The search of the meaning of statutory language is a judicial function. Roseman v. Roseman, 890 S.W.2d 27, 29 (Tenn. 1994); BellSouth Telecomms., Inc. v. Greer, 972 S.W.2d 663, 672 (Tenn.Ct.App. 1997). While the courts must carefully consider an administrative agency's interpretation of the statutes it is charged to enforce, State ex rel. Pope v. U.S. Fire Ins. Co., 145 S.W.3d 529, 536 (Tenn. 2004); Exxon Corp. v. Metropolitan Gov't, 72 S.W.3d 638, 641 (Tenn. 2002), issues involving the construction of statutes involve questions of law. Sallee v. Barrett, 171 S.W.3d 822, 825 (Tenn. 2005); Memphis Publ'g Co. v. Cherokee Children and Family Servs., Inc., 87 S.W.3d 67, 74 (Tenn. 2002). Accordingly, the courts must make their own independent determination regarding a statute's meaning without presuming that the agency's interpretation of the statute is correct. Bostic v. Dalton, 158 S.W.3d 347, 350 (Tenn. 2005); Patterson v. Tenn. Dep't of Labor Workforce Dev., 60 S.W.3d 60, 62 (Tenn. 2001).
When the courts are called upon to construe a state statute, their primary responsibility is to ascertain and give effect to the intent and purpose of the Tennessee General Assembly. Freeman Indus., LLC v. Eastman Chem. Co., 172 S.W.3d 512, 522 (Tenn. 2005); Sullivan ex rel. Hightower v. Edwards Oil Co., 141 S.W.3d 544, 547 (Tenn. 2004). The courts must avoid constructions that unduly restrict or expand the statute's application. Sallee v. Barrett, 171 S.W.3d at 828; Watt v. Lumbermens Mut. Cas. Ins. Co., 62 S.W.3d 123, 127-28 (Tenn. 2001). The goal is to construe a statute in a way that avoids conflict and facilitates the harmonious operation of the law. In re C.K.G., 173 S.W.3d 714, 729 (Tenn. 2005); Frye v. Blue Ridge Neuroscience Ctr., P.C., 70 S.W.3d 710, 716 (Tenn. 2002).
The search for a statute's purpose must begin with the words of the statute itself. Calaway ex rel. Calaway v. Schucker, ___ S.W.3d ___, ___, 2005 WL 3338655, at *5 (Tenn. 2006); Biscan v. Brown, 160 S.W.3d 462, 470 (Tenn. 2005). The courts must construe statutes as they find them. Jackson v. Jackson, 186 Tenn. 337, 342, 210 S.W.2d 332, 334 (1948); Pac. Eastern Corp. v. Gulf Life Holding Co., 902 S.W.2d 946, 954 (Tenn.Ct.App. 1995). The courts must also presume that the General Assembly chose its words purposefully and deliberately, Eastman Chem. Co. v. Johnson, 151 S.W.3d 503, 507 (Tenn. 2004); Merrimack Mut. Fire Ins. Co. v. Batts, 59 S.W.3d 142, 151 (Tenn.Ct.App. 2001), and that the words chosen by the General Assembly convey the meaning that the General Assembly intended them to convey. Biscan v. Brown, 160 S.W.3d at 473; Jones v. Garrett, 92 S.W.3d 835, 839 (Tenn. 2002).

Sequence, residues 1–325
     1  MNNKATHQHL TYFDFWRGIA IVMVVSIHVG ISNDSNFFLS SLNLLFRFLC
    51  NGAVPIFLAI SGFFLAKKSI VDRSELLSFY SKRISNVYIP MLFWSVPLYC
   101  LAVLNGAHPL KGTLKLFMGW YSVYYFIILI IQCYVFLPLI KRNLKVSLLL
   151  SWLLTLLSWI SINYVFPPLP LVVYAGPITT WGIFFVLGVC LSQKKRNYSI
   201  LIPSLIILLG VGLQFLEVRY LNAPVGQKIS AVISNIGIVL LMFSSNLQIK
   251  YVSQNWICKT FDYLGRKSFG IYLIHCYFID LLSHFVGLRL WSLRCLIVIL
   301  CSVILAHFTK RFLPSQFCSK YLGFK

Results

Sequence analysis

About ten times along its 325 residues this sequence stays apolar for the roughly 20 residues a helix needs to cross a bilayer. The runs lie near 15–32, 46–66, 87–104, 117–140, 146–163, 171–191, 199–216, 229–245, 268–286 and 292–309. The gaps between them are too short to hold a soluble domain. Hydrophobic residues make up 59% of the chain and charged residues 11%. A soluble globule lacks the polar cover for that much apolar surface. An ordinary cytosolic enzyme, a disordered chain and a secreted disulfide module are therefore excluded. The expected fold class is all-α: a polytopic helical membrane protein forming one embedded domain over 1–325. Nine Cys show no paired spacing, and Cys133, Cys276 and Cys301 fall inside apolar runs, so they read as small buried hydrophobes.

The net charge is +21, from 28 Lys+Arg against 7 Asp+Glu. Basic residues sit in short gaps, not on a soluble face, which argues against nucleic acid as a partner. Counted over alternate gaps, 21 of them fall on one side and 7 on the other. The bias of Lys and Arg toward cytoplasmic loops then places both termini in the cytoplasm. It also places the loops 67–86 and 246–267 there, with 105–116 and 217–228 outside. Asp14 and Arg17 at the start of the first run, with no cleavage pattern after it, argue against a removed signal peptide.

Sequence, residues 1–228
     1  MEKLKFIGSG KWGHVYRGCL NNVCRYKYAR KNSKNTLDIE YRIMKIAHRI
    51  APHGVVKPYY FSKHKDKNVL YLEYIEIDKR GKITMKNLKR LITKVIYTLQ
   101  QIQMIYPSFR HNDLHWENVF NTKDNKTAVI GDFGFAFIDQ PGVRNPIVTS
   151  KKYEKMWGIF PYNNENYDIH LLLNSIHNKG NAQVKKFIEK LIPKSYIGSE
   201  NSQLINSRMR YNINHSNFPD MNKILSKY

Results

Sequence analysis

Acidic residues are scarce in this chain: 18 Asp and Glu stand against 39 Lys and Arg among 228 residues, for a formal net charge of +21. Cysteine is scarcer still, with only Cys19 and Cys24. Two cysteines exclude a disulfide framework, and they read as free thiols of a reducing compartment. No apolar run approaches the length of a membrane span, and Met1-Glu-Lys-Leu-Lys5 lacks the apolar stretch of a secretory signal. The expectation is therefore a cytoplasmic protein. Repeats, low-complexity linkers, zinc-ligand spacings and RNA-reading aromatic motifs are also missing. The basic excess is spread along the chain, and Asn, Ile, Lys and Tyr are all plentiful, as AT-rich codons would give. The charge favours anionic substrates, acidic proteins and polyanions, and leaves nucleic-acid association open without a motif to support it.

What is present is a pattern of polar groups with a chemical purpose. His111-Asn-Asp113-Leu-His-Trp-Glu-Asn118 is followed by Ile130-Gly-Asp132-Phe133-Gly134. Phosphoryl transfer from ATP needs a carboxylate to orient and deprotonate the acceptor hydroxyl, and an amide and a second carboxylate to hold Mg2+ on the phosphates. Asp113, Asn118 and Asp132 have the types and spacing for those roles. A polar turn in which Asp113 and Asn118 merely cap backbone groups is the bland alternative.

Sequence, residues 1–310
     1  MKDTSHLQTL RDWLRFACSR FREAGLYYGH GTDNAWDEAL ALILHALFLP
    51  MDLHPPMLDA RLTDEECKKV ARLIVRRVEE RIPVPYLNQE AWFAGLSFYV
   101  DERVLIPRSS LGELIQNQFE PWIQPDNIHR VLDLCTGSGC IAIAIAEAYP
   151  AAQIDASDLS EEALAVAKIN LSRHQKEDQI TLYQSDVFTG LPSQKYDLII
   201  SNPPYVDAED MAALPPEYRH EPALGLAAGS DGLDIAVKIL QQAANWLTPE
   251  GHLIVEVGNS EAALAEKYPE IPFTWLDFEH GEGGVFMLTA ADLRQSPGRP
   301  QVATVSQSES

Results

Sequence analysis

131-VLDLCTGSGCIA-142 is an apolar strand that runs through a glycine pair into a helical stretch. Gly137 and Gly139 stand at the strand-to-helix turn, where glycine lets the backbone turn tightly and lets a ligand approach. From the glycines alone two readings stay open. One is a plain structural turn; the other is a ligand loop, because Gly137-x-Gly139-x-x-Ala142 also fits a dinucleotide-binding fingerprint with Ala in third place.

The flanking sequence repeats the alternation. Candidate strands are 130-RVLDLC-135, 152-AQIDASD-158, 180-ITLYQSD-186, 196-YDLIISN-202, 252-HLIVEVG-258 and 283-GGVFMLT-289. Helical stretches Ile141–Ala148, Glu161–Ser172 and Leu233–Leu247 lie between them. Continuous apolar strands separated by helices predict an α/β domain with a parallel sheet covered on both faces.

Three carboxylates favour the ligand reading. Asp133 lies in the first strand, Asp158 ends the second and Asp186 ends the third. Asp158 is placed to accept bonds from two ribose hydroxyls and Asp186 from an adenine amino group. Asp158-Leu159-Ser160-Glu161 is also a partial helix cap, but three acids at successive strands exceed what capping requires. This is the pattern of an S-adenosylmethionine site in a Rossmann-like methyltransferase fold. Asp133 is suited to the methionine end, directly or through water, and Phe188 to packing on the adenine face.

The courts must construe a statute's words using their natural and ordinary meaning unless the context in which the words are used requires otherwise. Tenn. Waste Movers, Inc. v. Loudon, 160 S.W.3d 517, 519 (Tenn. 2005); Frazier v. East Tennessee Baptist Hosp., Inc., 55 S.W.3d 925, 928 (Tenn. 2001). Because words are known by the company they keep, In re Audrey S., 182 S.W.3d 838, 870 (Tenn.Ct.App. 2005), the courts should construe statutory language in the context of the entire statute and it light of the statute's general purpose. Honsa v. Tombigbee Transp. Corp., 141 S.W.3d 540, 542 (Tenn. 2004); Osborn v. Marr, 127 S.W.3d 737, 740 (Tenn. 2004). When the meaning of statutory language is clear, the courts must interpret the statute as written, Kradel v. Piper Indus., Inc., 60 S.W.3d 744, 749 (Tenn. 2001), rather than using the rules of construction to give the statute another meaning. Wausau Ins. Co. v. Dorsett, 172 S.W.3d 538, 543 (Tenn. 2005); Poper ex rel. Poper v. Rollins, 90 S.W.3d 682, 684 (Tenn. 2002); Limbaugh v. Coffee Med. Ctr., 59 S.W.3d 73, 83 (Tenn. 2001).